Guest
d.d.
Nov 30, 2012

My suggestion was to:

(1) pay the provider (a fair rate) for providing an EMTALA screen, even if performed by a non-MD
(2) allow them to not provide ED care if not warranted
(3) strengthen legal and safe harbor protections for not providing care

…. how does that “penalize the hospital” ? (Especially compared to the situation today.)

In terms of changing patient behavior, my version of the scheme allows EDs to not provide care beyond an EMTALA screen, if that screen shows that no “emergency” exists. And strengthens protections against denial of care allegations.

Someone not needing emergency care can sit in the ED for 12, 24, or 72 hours, but they’re not going to get care from our most expensive resources unless they have a genuine need. To get access to the care they want, they will have to go to their PCP, or a community clinic, or an urgent care center.

Would you keep going to an ED where you’re not going to get care, or after a few long, pointless waits would you decide you just might ought to go the PCP/community clinic/urgent care center in the first place ?

Guest
MD as HELL
Nov 30, 2012

Sorry. I just replid to an automated esponse in my email. your proposals also will not work.

#1. Care will retrospectively be determined to have not been needed.
#2. Denying treatment again will be retrospectively be determined to have been appropriate.
#3. When patients complain to CMS or DFS (in NC) there will be time-consuming investigations into those decisions.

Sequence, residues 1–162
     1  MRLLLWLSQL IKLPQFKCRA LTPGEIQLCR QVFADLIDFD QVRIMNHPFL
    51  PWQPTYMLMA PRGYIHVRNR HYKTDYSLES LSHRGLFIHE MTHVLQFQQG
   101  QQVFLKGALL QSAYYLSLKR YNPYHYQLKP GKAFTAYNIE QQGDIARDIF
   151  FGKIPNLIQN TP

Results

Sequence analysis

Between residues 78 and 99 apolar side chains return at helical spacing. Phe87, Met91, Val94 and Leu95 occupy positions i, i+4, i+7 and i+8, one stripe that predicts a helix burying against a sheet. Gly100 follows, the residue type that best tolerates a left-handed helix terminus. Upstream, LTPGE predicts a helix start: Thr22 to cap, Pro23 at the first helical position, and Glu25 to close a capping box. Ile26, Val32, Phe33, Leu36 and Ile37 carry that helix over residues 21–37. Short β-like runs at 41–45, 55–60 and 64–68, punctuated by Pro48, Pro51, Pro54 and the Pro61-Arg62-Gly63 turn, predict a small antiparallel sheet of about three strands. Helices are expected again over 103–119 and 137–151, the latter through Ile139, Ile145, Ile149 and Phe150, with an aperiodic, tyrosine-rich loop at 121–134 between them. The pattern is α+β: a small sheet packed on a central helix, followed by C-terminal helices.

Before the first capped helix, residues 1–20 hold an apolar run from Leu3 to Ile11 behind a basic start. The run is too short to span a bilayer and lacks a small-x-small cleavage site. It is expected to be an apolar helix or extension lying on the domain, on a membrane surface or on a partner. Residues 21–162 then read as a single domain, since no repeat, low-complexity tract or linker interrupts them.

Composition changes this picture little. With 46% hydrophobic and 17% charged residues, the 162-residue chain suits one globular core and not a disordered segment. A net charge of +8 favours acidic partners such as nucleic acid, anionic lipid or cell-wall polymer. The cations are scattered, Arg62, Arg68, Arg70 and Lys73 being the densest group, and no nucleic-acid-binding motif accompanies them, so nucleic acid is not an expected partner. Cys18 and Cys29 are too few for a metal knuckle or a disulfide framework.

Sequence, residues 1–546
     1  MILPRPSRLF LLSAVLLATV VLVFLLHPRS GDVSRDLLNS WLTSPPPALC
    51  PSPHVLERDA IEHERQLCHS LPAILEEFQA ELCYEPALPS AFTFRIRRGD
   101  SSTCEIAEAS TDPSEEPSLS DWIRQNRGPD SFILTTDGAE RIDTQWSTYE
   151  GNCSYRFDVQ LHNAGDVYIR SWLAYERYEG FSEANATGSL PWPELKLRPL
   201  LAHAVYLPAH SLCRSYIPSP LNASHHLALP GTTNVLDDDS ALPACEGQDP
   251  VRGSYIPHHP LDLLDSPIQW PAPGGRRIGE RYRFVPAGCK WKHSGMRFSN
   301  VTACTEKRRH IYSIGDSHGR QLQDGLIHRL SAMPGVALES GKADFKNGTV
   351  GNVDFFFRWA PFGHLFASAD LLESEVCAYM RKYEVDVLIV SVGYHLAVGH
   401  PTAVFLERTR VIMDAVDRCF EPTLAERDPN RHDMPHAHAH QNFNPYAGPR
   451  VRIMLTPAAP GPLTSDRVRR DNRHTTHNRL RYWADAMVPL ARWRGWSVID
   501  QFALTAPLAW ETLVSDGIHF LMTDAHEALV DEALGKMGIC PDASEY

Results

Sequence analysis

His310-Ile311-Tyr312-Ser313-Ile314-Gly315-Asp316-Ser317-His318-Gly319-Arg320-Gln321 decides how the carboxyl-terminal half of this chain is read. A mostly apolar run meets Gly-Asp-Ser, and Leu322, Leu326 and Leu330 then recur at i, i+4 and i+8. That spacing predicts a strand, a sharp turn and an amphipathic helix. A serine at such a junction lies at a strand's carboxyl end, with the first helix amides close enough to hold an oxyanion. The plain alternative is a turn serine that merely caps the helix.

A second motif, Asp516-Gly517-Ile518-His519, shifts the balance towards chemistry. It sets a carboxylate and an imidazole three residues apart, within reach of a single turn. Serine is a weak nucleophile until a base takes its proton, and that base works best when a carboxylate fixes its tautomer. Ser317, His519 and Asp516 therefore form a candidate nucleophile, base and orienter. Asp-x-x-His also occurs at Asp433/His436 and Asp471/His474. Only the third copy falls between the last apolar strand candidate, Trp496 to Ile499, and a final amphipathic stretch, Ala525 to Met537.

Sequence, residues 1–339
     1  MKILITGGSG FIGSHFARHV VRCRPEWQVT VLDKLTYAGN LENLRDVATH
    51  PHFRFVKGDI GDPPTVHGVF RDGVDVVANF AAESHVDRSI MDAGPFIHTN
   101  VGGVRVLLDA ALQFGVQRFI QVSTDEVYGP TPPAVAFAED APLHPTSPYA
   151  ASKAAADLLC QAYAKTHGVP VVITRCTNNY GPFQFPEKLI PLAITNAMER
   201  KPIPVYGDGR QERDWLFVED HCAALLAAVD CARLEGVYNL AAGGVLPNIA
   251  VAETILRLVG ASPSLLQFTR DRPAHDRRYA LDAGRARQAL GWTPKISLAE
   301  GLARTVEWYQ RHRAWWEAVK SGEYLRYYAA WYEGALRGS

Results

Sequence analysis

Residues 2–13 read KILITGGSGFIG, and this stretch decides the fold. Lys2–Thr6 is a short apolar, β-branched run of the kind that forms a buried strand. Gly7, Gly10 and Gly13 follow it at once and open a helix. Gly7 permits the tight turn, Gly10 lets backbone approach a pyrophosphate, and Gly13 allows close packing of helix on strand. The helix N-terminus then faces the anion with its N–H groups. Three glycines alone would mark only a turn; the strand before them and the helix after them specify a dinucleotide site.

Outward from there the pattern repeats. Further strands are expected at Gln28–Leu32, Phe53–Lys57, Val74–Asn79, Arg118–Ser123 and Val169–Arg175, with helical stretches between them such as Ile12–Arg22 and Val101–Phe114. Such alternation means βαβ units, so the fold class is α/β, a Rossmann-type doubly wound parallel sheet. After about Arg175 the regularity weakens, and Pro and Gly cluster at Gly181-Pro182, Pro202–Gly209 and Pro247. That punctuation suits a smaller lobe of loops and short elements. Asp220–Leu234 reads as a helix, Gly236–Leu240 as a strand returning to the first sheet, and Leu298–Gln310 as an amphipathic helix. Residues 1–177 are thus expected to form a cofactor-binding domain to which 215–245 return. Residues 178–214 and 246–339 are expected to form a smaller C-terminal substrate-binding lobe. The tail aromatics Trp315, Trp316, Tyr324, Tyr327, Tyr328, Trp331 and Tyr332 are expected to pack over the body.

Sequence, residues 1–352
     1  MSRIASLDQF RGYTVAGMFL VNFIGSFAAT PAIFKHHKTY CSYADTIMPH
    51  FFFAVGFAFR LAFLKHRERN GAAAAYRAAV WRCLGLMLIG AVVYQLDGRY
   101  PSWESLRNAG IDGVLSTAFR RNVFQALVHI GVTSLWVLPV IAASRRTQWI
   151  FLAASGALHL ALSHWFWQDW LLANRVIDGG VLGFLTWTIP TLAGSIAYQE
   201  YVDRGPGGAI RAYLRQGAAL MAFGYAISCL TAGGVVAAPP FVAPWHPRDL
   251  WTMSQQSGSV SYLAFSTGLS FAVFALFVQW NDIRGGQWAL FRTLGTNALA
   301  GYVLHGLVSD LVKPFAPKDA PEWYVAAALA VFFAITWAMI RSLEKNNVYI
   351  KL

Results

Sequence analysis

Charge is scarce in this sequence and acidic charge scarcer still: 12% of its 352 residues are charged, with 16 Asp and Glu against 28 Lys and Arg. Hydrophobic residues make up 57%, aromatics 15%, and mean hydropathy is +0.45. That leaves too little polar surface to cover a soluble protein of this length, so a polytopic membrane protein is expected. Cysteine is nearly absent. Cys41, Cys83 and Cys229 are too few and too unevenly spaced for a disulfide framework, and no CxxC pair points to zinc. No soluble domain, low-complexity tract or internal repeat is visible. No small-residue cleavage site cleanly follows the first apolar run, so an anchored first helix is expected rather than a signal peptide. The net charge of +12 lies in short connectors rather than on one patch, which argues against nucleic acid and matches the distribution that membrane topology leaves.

#4. It still does no change the behavior of the culprits.

Guest
d.d.
Dec 1, 2012

@Md as HELL:

I disagree on #4 that behaviors won’t change, but I can see where there could be a concern on your first three points. You have a very valuable point there, that I did not think about.

Those all relate to “compliance responses” that have been developed in response to real or perceived abuses under the current system of reimbursement and access. If policy makers significantly change the ED system in the ways suggested, then hopefully there would be a recognition that the old compliance mechanisms also need to be reviewed and modified, to make them appropriate for the new rules.

Guest
Peter1
Dec 1, 2012

d.d., if you haven’t been on this blog for long then you fail to see that “MD as Hell” is a health care Scrooge who would like to see a Dicksonian health care system where children still worked in factories to pay for their health care and debtor’s prison is where we held those on Medicaid.

Guest
d.d.
Dec 1, 2012

Coming to agreement on system changes often requires acknowledging and addressing the substance of objections raised by affected parties, even if they come in a prickly wrapper.

Guest
MikeQ
Nov 30, 2012

There is a pony in this pile of proposals and comments, especially the last one. Anyone who doesn’t think that ED overuse in Medicaid isn’t a problem is simply wrong, and yes, being “free” and billboard signs and habit and perceived (and sometimes actual) lack of access all contribute.